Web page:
Fifth, the panel found "no support for that proposition in the relevant Supreme Court caselaw." The panel continues: "the issue as to neutrality there was whether the City had targeted the plaintiff's practice of ritual animal sacrifice; but a similarly broad inquiry could just as easily reveal disparate treatment of religious and secular conduct for purposes of the 'general application' inquiry." Here, the panel–I think–acknowledges that Lukumi does not speak directly to this issue. To be frank, I don't fully understand this sentence. I've read it several times, and it still eludes me. The panel was trying to do too much in a single sentence, and failed to show its work. There are missing steps here that are unexplained.
Next, the panel stated. "And the Court's test for identifying comparable secular conduct for purposes of that inquiry routinely identifies as comparable, as shown above, activities that are in other ways very different—attendance at church services and patronizing 'acupuncture facilities[,]' for example. Cuomo, 141 S. Ct. at 66-67." Routinely? I don't think the Court has ever had to make this sort of decision before. And I'm not even convinced a per curiam shadow docket ruling is precedential.
Sixth, the panel addresses what I have started to call the "denominator" question. What exactly can you compare the burdened religious activity to? As a threshold matter, the courts cannot consider the restriction on worship in isolation. "A myopic focus solely on the provision that regulates religious conduct would thus allow for easy evasion of the Free Exercise guarantee of equal treatment." Rather, the panel says, the courts should review "state law as a whole." (This approach reminds me of Justice Brandeis's "parcel as a whole" analysis from Penn Coal.) Specifically, the "relevant inquiry should therefore simply be whether the 'government, in pursuit of legitimate interests,' has imposed greater burdens on religious conduct than on analogous secular conduct. Lukumi at 543. Again, I don't think that test follows from Lukumi, but I agree as a matter of first principles.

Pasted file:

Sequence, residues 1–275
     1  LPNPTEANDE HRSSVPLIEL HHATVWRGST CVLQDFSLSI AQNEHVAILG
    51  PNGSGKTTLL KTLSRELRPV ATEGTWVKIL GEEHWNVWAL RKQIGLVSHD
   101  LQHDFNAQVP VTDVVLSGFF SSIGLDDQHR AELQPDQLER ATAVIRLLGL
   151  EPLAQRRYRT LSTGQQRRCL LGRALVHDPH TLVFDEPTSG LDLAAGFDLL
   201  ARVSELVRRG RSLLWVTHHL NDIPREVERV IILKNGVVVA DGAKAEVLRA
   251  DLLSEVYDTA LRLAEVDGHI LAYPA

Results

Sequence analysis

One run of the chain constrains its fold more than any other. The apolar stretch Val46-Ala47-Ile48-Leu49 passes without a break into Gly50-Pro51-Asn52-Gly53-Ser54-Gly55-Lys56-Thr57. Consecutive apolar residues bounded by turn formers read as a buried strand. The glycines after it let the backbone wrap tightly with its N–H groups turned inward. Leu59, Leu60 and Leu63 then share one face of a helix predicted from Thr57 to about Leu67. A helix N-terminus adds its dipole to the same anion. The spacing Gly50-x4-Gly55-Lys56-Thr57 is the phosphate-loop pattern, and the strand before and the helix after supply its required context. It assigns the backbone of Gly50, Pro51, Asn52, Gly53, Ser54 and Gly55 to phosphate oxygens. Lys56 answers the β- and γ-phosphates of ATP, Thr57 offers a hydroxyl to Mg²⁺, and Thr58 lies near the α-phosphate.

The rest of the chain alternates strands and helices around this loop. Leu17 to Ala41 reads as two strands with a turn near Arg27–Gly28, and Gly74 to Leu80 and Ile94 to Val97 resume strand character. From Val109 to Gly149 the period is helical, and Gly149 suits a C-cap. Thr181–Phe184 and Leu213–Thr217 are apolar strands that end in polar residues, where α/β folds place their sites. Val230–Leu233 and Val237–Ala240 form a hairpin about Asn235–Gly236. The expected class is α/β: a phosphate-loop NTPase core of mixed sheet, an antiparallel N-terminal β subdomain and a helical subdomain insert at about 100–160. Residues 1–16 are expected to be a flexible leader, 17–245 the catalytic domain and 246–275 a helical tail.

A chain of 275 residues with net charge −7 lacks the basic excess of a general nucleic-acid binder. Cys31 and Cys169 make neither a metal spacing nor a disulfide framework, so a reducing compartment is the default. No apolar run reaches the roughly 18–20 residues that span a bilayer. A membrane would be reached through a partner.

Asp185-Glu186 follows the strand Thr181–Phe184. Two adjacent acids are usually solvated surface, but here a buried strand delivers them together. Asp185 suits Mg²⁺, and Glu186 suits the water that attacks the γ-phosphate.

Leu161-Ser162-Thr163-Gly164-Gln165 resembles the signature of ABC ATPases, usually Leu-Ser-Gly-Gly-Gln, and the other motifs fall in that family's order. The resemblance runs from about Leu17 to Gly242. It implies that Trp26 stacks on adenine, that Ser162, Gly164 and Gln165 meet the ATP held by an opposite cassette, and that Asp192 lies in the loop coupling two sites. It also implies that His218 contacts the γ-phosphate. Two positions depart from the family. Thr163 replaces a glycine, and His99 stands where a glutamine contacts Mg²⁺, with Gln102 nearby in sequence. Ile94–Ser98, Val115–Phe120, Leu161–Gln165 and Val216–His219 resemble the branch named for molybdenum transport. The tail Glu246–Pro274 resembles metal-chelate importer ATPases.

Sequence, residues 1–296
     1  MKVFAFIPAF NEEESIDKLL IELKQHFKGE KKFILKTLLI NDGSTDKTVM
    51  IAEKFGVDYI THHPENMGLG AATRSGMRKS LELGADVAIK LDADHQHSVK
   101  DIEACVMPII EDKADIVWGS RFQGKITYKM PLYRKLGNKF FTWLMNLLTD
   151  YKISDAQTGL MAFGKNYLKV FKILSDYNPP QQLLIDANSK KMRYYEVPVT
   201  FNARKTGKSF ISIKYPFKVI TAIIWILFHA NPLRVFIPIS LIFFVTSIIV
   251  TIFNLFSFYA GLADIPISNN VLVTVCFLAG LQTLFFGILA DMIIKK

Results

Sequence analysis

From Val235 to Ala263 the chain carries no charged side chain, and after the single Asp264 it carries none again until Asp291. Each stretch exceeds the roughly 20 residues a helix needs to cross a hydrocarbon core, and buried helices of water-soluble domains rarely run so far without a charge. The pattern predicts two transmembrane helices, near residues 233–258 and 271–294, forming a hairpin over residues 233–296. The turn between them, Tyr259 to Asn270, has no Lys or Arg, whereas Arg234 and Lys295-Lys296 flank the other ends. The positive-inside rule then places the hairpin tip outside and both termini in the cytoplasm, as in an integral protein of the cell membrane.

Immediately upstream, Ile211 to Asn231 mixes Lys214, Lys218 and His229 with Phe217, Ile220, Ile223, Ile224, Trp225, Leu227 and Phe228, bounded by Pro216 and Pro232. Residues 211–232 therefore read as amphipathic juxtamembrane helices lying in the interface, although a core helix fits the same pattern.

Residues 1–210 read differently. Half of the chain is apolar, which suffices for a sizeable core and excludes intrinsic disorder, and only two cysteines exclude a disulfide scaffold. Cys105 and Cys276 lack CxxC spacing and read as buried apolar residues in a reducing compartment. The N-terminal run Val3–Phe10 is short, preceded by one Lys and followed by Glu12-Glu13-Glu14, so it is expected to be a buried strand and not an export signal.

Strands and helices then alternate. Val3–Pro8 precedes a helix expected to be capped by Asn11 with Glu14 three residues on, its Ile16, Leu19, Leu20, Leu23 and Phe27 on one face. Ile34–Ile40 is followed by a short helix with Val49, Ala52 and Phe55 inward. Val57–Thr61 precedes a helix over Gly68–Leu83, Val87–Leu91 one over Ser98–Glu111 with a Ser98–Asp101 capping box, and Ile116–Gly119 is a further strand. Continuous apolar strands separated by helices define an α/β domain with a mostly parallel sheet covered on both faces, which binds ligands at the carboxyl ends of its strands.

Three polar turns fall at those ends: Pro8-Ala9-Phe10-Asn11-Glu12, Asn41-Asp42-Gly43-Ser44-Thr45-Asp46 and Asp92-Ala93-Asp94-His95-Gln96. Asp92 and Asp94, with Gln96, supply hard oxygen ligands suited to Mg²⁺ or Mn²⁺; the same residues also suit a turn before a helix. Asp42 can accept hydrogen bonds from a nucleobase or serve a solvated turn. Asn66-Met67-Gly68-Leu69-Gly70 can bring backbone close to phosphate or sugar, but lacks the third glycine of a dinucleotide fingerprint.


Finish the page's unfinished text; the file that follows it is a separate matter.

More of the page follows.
Seventh, the panel finally determines that the county's restrictions are not generally applicable. The panel observes, "In Lucas County, the plaintiffs' schools are closed, while gyms, tanning salons, office buildings, and the Hollywood Casino remain open." And, the panel states, "Cuomo makes clear that those secular facilities are 'comparable' for purposes of spreading COVID-19." Again, I don't think Roman Catholic Diocese adopted this reasoning. But this reasoning flows from the Court's decision.
Eighth, the panel concludes that the order must be reviewed with strict scrutiny. And the government "does not argue that its action can survive that scrutiny." And the panel states, without any analysis "Nor do we see any reason why it would." In the end the court grants a preliminary injunction.
There is much to praise about this opinion. The panel attempts to explain how to perform the Diocese comparator approach. Yet, the panel does not recognize that the Supreme Court's precedents do not provide an answer. I see this decision as a natural outgrowth of Diocese. And I hope the Supreme Court follows this lead.